Mazo, Earl 1919-2007

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Mazo, Earl 1919-2007


See index for CA sketch: Born July 7, 1919, in Warsaw, Poland; died of complications following a fall, February 17, 2007, in Bethesda, MD. Journalist and author. Mazo was a political correspondent best known for his biographies of President Richard Nixon. Brought to America when he was a child, he grew up in South Carolina and was a 1940 graduate of Clemson University. He served in the U.S. Army Air Forces during World War II, afterwards reporting for the Camden Courier. From 1949 until 1963, he was a political correspondent for the New York Herald Tribune. After being assigned to report from Washington, DC, in 1956, he came to know Nixon during his term as vice president. This included covering the infamous incident when Nixon was almost pulled out of his car by protestors during a diplomatic visit to Venezuela. Mazo drew some controversy in 1960, when he published a series of investigative reports alleging Democratic Party presidential election fraud that resulted in Nixon losing to John F. Kennedy. Mazo said he found evidence that fraudulent votes were cast for Kennedy. After the first reports of the twelve-part series were released, Nixon contacted the Herald Tribune to have them stopped for fear the potential scandal would divide the country. Mazo's editors eventually agreed to stop running the series, much to the reporter's chagrin. Leaving the Herald Tribune in 1963, Mazo worked for the New York Times for two years and then joined the Reader's Digest as a roving correspondent. He retired in 1970. Critically acclaimed for his Richard Nixon: A Political and Personal Portrait (1959), Mazo also wrote Nixon: A Political Portrait (1968), with Stephen Hess, as well as The Great Debates (1961).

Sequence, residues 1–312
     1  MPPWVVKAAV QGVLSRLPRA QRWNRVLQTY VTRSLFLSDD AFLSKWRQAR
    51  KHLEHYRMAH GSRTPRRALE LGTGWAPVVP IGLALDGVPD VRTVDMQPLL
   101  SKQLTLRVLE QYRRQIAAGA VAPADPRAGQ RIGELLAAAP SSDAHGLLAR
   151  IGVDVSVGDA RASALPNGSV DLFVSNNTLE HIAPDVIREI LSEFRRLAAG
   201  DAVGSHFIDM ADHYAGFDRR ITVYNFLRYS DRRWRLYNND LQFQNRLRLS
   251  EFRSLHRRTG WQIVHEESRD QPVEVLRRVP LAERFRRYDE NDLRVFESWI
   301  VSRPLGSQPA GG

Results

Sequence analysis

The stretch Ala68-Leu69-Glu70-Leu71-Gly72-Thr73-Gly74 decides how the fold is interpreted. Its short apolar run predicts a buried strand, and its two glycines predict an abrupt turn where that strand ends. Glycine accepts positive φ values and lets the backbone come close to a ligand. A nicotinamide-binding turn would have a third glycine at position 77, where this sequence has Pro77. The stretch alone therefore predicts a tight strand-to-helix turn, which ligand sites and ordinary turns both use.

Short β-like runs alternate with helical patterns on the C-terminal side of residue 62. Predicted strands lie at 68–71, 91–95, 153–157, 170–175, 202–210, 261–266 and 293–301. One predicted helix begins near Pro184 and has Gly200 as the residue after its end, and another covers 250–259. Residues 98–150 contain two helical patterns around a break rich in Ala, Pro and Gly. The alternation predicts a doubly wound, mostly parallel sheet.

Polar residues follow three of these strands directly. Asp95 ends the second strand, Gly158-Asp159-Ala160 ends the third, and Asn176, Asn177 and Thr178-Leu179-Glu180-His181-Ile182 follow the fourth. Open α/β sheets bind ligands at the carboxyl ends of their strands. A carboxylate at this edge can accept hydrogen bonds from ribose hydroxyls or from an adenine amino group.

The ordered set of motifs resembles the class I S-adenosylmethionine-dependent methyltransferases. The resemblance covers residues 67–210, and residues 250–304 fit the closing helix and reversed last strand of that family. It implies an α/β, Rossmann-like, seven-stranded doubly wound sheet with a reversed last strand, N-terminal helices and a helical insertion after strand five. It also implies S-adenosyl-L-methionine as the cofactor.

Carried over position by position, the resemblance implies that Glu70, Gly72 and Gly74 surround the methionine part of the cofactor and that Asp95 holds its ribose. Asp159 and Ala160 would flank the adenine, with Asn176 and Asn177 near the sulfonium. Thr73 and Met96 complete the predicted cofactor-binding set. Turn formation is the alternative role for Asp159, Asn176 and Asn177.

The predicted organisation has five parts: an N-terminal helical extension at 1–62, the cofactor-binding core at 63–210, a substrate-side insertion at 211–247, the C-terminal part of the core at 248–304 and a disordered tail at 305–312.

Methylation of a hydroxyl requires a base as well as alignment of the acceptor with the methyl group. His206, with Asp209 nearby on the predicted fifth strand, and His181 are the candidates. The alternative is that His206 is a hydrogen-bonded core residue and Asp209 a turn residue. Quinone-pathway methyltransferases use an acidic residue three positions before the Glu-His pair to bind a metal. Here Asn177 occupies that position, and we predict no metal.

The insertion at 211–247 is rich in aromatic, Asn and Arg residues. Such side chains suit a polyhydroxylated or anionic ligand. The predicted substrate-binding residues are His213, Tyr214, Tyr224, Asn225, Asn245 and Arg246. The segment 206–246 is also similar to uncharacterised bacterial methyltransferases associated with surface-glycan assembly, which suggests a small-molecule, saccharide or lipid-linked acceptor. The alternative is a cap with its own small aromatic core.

Los Angeles Times, February 20, 2007, p. B11.

Washington Post, February 18, 2007, p. C7.